“Debating” denialists

I happened to be listening to the Holocaust Denial On Trial podcast yesterday, specifically this episode which is a recording of a speech given by Holocaust historian Deborah Lipstadt about Holocaust denial and her experiences being sued for libel in Britain by arch Holocaust denier David Irving, who, much like the British Chiropractic Association taking advantage of the U.K.’s highly plaintiff-friendly libel laws to sue Simon Singh for libel now, took advantage of those same libel laws back in the late 1990s to sue Deborah Lipstadt. In the speech, she takes a position that I have argued on multiple occasions in this blog, stating plainly, “I do not debate deniers.”

OK, so far nothing remarkable about that. She also gave a number of reasons why she does not debate deniers that I completely agree with and that should come as no surprise to anyone who’s read this blog. What is remarkable was a metaphor that Professor Lipstadt used regarding why she does not debate deniers. “Debating a denier,” she said, “is like trying to nail a blob of Jello to the wall.”

She’s right.

There are a number of compelling reasons why it is often pointless at best and counterprodcutive at worst to debate a denier, denialist, crank, or whatever you want to call it. For one thing, for a debate to be an intellectually useful exercise, there have to be two reasonable points of view being argued, points of view that have evidence to support them. The evidence doesn’t have to be of equal quantity and quality on each side, of course, but it should at least be somewhere in the same ball park–or on the same planet. This isn’t a rule that is limited to just Holocaust deniers, either. Vaccine denialists (a.k.a. anti-vaxers), evolution denialists (a.k.a. creationists), scientific medicine denialists (a.k.a. alt-med mavens), HIV/AIDS denialists, or 9/11 Truthers, they all fall into this category They all desperately crave respectability, too. As much as they disparage mainstream thought in the disciplines that they attack, be it medicine, vaccines, history, or current events, they desperately crave to be taken seriously by the relevant disciplines. Being seen in the same venue, on the same stage, or on the same media outlet as an apparent equal gives them just what they want.

And, damn, some of them are really good at being the Jello that you can’t nail to the wall.

Another point that Lipstad brought up about Holocaust deniers that can also be applied to denialists of all stripes is that she said at the outset of her trial that she did not want it to become a trial over whether the Holocaust happened. That it did is irrefutable , backed by mountains of evidence, as is the historical fact that it was a planned, intentional program of mass murder and genocide. Rather, with the help of World War II historian Richard Evans, the defense looked at David Irving’s methods, not his conclusions. They traced the assertions in his book back to his original sources. Evans’ report to the court is long, but well-written and worth reading, having formed the basis of his book Lying About Hitler, which was basically a memoir of the trial, along with a new version of his expert report. One passage in particular stands out:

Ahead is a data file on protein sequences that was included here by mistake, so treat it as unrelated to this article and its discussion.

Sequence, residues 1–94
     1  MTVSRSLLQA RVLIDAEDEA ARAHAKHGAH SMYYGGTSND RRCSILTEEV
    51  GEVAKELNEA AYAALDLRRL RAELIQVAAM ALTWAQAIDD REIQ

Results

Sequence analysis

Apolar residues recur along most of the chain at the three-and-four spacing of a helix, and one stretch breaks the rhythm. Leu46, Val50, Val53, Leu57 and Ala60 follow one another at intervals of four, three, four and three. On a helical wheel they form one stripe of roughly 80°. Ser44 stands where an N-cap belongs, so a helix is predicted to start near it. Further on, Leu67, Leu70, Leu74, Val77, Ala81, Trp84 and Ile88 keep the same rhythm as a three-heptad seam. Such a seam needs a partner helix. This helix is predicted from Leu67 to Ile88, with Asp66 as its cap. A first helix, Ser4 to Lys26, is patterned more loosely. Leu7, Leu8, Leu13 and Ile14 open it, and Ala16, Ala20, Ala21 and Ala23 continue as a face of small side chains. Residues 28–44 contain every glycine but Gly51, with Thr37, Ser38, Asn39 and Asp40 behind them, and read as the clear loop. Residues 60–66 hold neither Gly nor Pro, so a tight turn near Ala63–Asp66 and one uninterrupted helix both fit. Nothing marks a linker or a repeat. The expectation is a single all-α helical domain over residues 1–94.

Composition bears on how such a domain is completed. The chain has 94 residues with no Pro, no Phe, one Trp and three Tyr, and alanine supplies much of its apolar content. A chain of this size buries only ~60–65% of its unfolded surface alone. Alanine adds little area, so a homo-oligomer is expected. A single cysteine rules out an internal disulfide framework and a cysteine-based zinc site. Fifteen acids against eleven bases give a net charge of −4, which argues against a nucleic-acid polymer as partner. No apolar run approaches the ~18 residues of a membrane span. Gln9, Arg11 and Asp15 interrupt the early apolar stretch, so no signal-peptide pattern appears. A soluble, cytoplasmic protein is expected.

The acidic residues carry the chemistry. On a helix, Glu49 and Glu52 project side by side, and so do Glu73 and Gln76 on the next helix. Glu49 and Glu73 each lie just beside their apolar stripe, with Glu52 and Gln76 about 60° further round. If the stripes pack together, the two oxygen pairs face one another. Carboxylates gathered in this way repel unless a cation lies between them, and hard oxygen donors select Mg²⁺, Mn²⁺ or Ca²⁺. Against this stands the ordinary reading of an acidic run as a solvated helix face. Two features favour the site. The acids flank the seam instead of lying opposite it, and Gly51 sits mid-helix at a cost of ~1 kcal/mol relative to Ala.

It has already been shown in the preceding sections of this Report how Irving adopts a variety of procedures which conform to several of the techniques of falsification and manipulation laid out in Lipstadt’s list. He bends and wilfully mistranslates reliable sources; he deliberately suppresses evidence which runs counter to his argument; he skews evidence and misquotes by omitting vital parts of documents and by mistranslating other parts which he does cite; he takes accurate and reliable sources such as the Himmler phone log and shapes and bends it to suit his purposes by including speculation and pure invention which is in no way warranted by the documentary record; he misrepresents data by presenting unreliable sources as reliable when they serve his argument; he relies on books such as memoirs and diaries that directly contradict his argument, and interprets them in a way that runs counter to what the authors intended, falsely attributing to them conclusions which they did not reach.

Sound familiar? It should. These are exactly the same sorts of technique used by denialist cranks of all stripes. Holocaust deniers are unusual in that their denialism is rooted in anti-Semitism and bigotry, often with more than a dash of Hitler apologia and/or neo-Nazi sympathies, but they are not unusual in that their views are based on ideology, not evidence. I’ve pointed out before that I don’t like to use Holocaust deniers as an example because, although it’s completely valid to compare their methods of twisting history to, for example, anti-vaccine activists’ methods of twisting science, the taint of eliminationist anti-Semitism that led to the Holocaust is so strong, that it makes it too easy for the anti-vaccinationist to retort, “Are you calling me a Nazi?” Even so, there is a commonality among cranks in the types of fallacious arguments and twisting of data that they engage in. Being a “denialist” is not a matter of what is being argued, but how it is being argued. It’s about bad reasoning, bad science, cherry picking data, and misrepresenting sources to support a preexisting agenda.

Which is why in a debate they are so damned hard to pin down. Like Jello.